I liked essentially everything about “Man of Steel” except its plot.
I know that’s weird to say, but it’s true. I had high hopes for the first Superman movie in seven years, and though I liked “Superman Returns” well enough to accept a sequel, I was also fine with a reboot if it meant I got to see Clark Kent and his alter ego on the big screen once again. But the end result of “Man of Steel” made me a little sad, because there’s a really good movie lurking around underneath the dourness and darkness.
First, what I liked. The visuals are good, the suit is surprisingly fine, and the casting is superb. Henry Cavill plays a great Superman (Clark is mostly absent from the movie), full of reassurance and a quiet drive to do the right thing, and his Krypton and Earth parents all do a fine job as well – in particular Russell Crowe as a dignified and resolute Jor-El. Best of all, however, is the absolutely excellent Amy Adams as Lois Lane, a plucky, determined journalist who doesn’t let getting the hot scoop take precedence over doing the right thing.
Along those lines, the characterizations and themes are very solid, at least at the beginning. I embrace Superman for the same reasons many reject him as a hero. He’s a role model, an ideal to which we should all aspire. He looks like us, but he is better than us. He could rule us and subjugate, but he values every life and freedom of decision. He does the right thing, not the easy thing, and we look up to him because he ultimately will choose the moral imperative. In short, he is good, full-stop.
In the first two-thirds or so of the movie, this comes across wonderfully. As pre-Superman, Clark can’t help but help people, even when it may not be in his best interests to do so. His parents are kind and loving and want him to do the right thing. The concepts of Superman and his supporting cast are simple, but elegant. He needs to be the last son of Krypton, and he is; he and his family and friends need to be good people, and they are. That might not sound like much, but it means the world to a person like me who holds Superman as one of his favorite fictional heroes.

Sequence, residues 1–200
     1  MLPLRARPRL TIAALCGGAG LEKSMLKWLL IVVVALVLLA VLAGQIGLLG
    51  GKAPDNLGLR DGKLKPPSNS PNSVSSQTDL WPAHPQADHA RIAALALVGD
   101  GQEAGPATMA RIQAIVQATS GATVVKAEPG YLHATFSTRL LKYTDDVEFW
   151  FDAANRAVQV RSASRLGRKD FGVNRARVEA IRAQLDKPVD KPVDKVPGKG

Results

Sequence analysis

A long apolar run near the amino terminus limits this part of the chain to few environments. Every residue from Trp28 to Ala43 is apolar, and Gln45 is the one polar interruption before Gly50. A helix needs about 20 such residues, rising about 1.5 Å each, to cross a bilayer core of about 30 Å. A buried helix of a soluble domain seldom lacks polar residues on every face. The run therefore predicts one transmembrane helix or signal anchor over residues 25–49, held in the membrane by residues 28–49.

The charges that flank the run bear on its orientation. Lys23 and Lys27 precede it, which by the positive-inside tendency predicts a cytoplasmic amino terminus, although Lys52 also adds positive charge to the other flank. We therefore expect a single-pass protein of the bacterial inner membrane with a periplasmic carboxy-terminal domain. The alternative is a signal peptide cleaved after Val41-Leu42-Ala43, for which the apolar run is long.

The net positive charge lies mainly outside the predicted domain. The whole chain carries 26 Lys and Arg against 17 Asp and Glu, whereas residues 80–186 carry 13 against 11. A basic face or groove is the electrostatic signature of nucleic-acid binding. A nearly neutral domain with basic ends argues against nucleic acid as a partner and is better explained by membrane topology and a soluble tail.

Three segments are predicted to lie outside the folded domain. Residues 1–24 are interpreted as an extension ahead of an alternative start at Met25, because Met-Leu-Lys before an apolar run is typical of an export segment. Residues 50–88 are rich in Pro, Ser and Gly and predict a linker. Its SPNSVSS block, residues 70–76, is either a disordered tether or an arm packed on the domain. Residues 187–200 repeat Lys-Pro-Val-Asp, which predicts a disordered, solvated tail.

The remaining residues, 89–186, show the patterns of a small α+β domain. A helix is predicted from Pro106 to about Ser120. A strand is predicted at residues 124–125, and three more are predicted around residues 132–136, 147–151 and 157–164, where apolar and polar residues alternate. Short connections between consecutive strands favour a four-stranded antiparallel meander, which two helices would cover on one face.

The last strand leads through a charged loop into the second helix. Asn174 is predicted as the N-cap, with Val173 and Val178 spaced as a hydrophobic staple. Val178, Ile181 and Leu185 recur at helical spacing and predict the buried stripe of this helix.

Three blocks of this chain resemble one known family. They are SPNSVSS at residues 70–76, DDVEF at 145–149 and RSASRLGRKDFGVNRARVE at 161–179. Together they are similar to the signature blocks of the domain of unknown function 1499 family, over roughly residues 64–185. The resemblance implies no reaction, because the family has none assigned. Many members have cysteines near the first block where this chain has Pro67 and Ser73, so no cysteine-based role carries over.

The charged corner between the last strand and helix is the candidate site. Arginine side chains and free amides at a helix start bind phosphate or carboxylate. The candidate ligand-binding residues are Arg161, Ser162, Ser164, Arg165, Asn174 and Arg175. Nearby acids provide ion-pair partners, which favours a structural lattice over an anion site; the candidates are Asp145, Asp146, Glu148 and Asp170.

Now, let’s rewind a little and talk about the plot and premise. “Man of Steel” spends its opening minutes on Krypton, retelling the story of young Kal-El’s birth and exile to Earth as his home planet crumbles. In so doing, it weaves in the backstory of the film’s villain, General Zod, Krypton’s preservation-of-the-species-obsessed military leader who is saved from the planet’s destruction due to being incarcerated off-planet. Once freed from the Phantom Zone (a common Superman plot device familiar to comics readers), Zod and some amoral henchmen make their way to Earth, convinced that Clark’s spaceship holds the key to restarting the Kryptonian race and not really caring about what happens to us Earthlings in the process.
It’s at this point that I should bring up the creatives in this little venture: Zack Snyder in the director’s chair, with a story by “Dark Knight” veterans David Goyer and Christopher Nolan (who also produces “Man of Steel”). This is the first time at the comic book rodeo for none of these men, but they’re veterans of darker fare than the stuff that makes up the best Superman stories, and it shows. “Man of Steel” has three grim, destructive fights in populated areas, with two in particular implying scads upon scads of dead bystanders. This is no movie for youngsters, perhaps the ultimate crime in a movie about Superman (on a related note, I don’t want to watch a Superman movie in which one character calls another “dicksplash”).
The final (and really unnecessary) fight leads to the film’s unforgivable sin, which not only sees Superman violate his moral imperative, but leaves him and viewers with a Pyrrhic victory. Superman may save the day, but he does so at the cost of his conscience and millions of lives.
I’m not one to shy away from dark or depressing endings (I generally love Nolan’s work), but Superman is not the hero for these kinds of stories. He’s unambiguous; he wears his heart on his sleeve; he is a signal, a bright beacon of hope that shows us that we can overcome our misdeeds. He is at his best not when exchanging fisticuffs, but when protecting people, something he often eschews in this film in favor of getting in another punch.
After 75 years of the Big Blue Boy Scout, perhaps this is the Superman that people want, but I think the box office could be served better with a little hope. At least I still have my comics shop’s back issue bins.
Have you liked Matinee Culture on Facebook yet?